Edward Said uses in his Orientalism epitaph, Marx’s quote: “They cannot represent themselves; they must be represented” (Said 1994, xiii). In my essay, I prove that the Arab-American female population needs not “be represented,” as so many talented writers (poets particularly) from that population write powerfully about their perceptions and perspectives on identity. Those explored within share intense messages with the rest of the world. Since September 11, 2001, a duality in writing has emerged. At once, the women feel more aware of their double heritage, but they have not been squelched by such awareness. Instead, the awareness has strengthened their resolve to recover their “lost voice[s]” and pass on their history (Darraj 2004, 135). We Americans can manipulate our own history to make understanding and equality a central standpoint from which to better view and experience the world. Through study of the writings, the self-representations, of such cultures as the Arab/ Muslim world within our own borders, we can take a valiant step in that direction, “communicating with each other in a dialogue of equals” (Said 337-8).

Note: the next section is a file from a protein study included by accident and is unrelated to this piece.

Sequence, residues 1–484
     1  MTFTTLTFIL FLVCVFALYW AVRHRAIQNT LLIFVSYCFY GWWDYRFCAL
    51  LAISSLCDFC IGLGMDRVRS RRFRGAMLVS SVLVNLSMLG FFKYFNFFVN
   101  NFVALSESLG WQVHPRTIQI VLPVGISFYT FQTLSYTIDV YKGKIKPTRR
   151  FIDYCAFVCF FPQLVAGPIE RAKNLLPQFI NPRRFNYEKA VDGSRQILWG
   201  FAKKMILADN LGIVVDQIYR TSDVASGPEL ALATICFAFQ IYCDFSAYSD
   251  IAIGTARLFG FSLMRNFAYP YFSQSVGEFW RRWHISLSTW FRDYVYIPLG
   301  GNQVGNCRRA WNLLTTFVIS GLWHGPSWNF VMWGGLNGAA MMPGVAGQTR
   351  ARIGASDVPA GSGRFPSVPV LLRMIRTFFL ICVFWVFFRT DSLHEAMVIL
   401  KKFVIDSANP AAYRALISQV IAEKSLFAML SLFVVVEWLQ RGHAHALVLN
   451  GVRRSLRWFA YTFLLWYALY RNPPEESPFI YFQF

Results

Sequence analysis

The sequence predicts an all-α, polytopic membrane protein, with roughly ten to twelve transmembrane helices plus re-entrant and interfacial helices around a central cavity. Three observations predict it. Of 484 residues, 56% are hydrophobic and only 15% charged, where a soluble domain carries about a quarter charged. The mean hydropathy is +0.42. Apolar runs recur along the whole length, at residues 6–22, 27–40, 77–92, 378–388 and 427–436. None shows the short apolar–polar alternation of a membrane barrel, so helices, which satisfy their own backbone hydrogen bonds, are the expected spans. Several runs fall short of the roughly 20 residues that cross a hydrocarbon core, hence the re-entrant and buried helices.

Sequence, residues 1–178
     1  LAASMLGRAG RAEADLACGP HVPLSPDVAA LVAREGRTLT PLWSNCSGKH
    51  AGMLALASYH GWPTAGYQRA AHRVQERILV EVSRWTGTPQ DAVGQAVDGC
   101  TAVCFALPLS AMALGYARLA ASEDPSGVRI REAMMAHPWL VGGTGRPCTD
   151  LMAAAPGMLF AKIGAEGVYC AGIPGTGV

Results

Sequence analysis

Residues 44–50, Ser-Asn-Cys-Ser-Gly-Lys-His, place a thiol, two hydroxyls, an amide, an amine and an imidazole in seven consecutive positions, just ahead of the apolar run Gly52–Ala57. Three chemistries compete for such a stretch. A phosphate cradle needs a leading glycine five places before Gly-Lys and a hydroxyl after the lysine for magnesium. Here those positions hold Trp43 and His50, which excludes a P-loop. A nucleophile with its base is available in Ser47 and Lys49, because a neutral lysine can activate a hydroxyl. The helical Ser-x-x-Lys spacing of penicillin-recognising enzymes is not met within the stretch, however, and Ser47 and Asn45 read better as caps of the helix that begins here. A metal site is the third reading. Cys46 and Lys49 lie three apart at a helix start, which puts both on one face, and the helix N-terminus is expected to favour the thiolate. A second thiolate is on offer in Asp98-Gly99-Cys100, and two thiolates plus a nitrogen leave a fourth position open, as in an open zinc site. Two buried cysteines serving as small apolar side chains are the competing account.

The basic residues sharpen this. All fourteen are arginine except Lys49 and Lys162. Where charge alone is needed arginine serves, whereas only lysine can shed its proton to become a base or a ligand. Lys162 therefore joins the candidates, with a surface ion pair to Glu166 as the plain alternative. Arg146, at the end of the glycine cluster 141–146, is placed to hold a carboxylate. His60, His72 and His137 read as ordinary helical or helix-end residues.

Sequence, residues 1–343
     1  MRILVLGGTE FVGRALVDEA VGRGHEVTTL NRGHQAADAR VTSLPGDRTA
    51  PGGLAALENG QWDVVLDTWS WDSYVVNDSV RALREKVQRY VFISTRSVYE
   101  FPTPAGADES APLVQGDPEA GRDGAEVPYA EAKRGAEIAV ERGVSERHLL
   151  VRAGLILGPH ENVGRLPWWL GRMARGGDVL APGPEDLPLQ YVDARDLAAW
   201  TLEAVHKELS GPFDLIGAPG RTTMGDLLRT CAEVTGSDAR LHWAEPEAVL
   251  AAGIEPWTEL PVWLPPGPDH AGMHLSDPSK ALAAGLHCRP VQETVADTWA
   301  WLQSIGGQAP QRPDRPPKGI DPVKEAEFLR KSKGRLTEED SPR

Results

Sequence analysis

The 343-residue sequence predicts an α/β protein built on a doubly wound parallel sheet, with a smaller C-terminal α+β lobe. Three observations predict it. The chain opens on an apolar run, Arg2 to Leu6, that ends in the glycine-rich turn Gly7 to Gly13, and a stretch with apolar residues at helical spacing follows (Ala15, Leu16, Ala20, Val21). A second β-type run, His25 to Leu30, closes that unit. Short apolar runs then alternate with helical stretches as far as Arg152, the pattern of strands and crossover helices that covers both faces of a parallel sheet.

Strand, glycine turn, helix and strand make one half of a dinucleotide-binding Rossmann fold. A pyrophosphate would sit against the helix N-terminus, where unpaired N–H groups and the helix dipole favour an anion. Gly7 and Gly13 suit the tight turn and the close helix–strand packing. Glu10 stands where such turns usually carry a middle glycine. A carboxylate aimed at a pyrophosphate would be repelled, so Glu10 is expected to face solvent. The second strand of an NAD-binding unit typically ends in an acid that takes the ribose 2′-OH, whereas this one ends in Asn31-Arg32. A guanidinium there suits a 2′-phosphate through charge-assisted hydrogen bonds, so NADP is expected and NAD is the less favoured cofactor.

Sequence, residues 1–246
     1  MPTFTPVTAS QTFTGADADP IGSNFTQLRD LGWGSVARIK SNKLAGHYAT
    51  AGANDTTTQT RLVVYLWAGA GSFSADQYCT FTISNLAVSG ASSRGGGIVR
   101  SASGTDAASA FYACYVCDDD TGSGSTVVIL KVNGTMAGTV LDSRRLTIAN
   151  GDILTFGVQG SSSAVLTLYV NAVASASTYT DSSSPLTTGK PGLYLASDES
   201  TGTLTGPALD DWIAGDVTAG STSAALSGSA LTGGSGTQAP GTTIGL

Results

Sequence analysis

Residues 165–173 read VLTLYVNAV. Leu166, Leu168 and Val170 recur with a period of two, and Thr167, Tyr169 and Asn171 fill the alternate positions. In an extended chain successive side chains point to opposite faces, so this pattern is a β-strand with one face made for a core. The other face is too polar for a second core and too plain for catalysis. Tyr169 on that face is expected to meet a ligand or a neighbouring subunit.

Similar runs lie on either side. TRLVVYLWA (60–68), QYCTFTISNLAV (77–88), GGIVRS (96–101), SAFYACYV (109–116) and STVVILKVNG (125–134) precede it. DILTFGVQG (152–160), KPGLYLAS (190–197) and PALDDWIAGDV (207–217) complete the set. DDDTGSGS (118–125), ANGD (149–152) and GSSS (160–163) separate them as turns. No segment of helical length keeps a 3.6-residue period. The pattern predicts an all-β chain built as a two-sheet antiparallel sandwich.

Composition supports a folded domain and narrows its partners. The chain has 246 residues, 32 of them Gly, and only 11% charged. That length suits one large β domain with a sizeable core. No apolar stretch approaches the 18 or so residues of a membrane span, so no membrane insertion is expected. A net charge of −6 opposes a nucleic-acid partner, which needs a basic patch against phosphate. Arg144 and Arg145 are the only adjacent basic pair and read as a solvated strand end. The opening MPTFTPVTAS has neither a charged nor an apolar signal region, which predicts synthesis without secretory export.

|Presenter:||Sueann Wells (Graduate Student)|
|Time:||10:45 am (Session II)|
American Democracy Project Lecture: Janet Poppendieck
5 pm - 5:45 pm